Apple unveiled a third-generation iPad enhanced with features aimed at keeping it on top of the booming tablet computer market.
The new iPad boasts a more powerful processor, eye-grabbing resolution on par with that of an iPhone 4S, and the ability to connect to the latest 4G LTE telecom networks that move data faster than their predecessors. Here’s all that is new about the new iPad
New iPad but no new name
Apple gave the new iPad a bunch of new features but no new name. When it goes on sale next week in the United States and several other countries, it will be ‘the iPad’ or perhaps ‘the new iPad’ — not ‘iPad 3’ or ‘iPad HD’, as some had speculated. The lack of a new name could cause confusion for buyers, particularly since the older model, the ‘iPad 2’, will still be for sale. But the naming practice is consistent with Apple’s practices for the iPod. New models have been simply called ‘iPod’. Consumers are left to figure out which generation of the product they are looking for.
Retina display: Apple for the eye
The new iPad unveiled on Wednesday comes with improvements that may not be readily apparent to the casual observer. It has, as expected, a sharper screen. Apple said the new display will be sharper than the average high definition television set. In a hands-on demonstration, text shown on the screen was noticeably crisper. The higher resolution won’t make a difference, however, for most Web images, which are of low resolution. The new screen should be able to show all the detail in high-definition movies,which the iPad 2 does not. The new screen can also show deeper and more vibrant colours than previous models, Apple said. The new iPad has the highest resolution display ever seen on a mobile device with 3.1 million pixels, delivering razor sharp text and unbelievable detail in photos and videos.
Faster processing chip
Apple’s latest iPad sports an array of technology advances that, while less than revolutionary, may prove enough for now to keep rivals like Amazon.com and Samsung at bay. While stopping short of vaulting ahead of Motorola and Samsung, the device — which comes 4Gready and boasts a quad-core graphics processor — is capable enough to help safeguard its two-thirds market share. It features an A5X chip. Apple also confirmed that the new model will come in a version that can use Verizon Wireless’ and AT&T Inc’s ‘LTE’ wireless broadband networks. They offer speeds that are faster than the ‘3G’ networks used by previous iPads, and current iPhones. The new A5X chip with quad-core graphics was specifically designed by Apple to deliver a fast, responsive user experience while supporting the incredible Retina display. With double the graphics performance of the A5 chip, the A5X provides a superb balance between performance and power efficiency.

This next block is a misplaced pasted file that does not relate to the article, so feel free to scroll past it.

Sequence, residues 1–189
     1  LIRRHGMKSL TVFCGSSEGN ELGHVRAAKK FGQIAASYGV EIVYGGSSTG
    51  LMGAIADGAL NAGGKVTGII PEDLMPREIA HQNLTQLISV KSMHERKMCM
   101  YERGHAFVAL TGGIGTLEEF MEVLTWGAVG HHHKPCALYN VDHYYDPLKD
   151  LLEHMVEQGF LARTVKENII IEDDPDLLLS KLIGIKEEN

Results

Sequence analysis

Prices are the same
Prices aren’t changing from the previous models. They will start at $499. Versions capable of accessing cellular networks will cost $629 to $829. Apple is keeping the basic model of the iPad 2 in production and dropping the price to $399. That could help Apple regain some market share from cheaper tablets like Amazon.com Inc’s $199 Kindle Fire. Samsung Electronics and other makers of full-size tablets have cut their prices to below $500. Heavier than predecessor What was more surprising was that the new features mean the tablet computer will be slightly thicker and heavier than the iPad 2, because it needs a larger battery to power the high-resolution screen. The new iPad will be 9.4 millimetres thick, or 0.37 inches. That compares with 8.8 millimetres, or 0.34 inches,for the iPad 2. The weight is going up from 1.33 pounds to 1.44 pounds for the Wi-Fi-only model. The original iPad weighed 1.5 pounds.
Battery life up
The battery life of the new model remains the same: about 10 hours of use. Apple says the battery capacity is 70 per cent higher than for the old model, which suggests that it could have kept the old screen and extended the battery life to 17 hours instead of upgrading
the screen resolution.
5MP iSight camera on the back
Compared with the iPad 2, the new model features a higher-resolution camera on the back, similar to the one in the iPhone 4S. The new iPad features a 5-megapixel iSight camera with advanced optics, a backside illumination sensor, auto white balance, and face detection for incredible still images. And you can record 1080p HD video, too.
Apple is updating some of the softwares on the tablet to take advantage of the new features. For example, it’s introducing a version of the Mac’s iPhoto photo organisation and manipulation program for the iPad. Apple would start letting users store movies in its iCloud remote storage service, so they can be accessed through the Internet by PCs and Apple devices. It already lets users store photos, music and documents in the service.
There’s a new microphone icon on the iPad’s virtual keyboard that can be pressed to dictate emails or other notes on the device. The new iPad supports dictation, another amazing way to get things done just using your voice. Instead of typing, tap the microphone icon on the keyboard, then say what you want to say and the new iPad listens. Tap done, and iPad converts your words into text. You can use dictation to write messages, take notes, search the web and more. Dictation also works with third-party apps, so you can update your Facebook status, tweet, or write Instagram captions
There are six flavours of the new iPad, with different access capabilities and storage amounts:
■ Wi-Fi only, 16 gigabytes of storage, $499
■ Wi-Fi only, 32GB, $599
■ Wi-Fi only, 64GB, $699
■ Wi-Fi and 4G cellular connection, 16GB, $629
■ Wi-Fi and 4G cellular connection, 32GB, $729
■ Wi-Fi and 4G cellular connection, 64GB, $829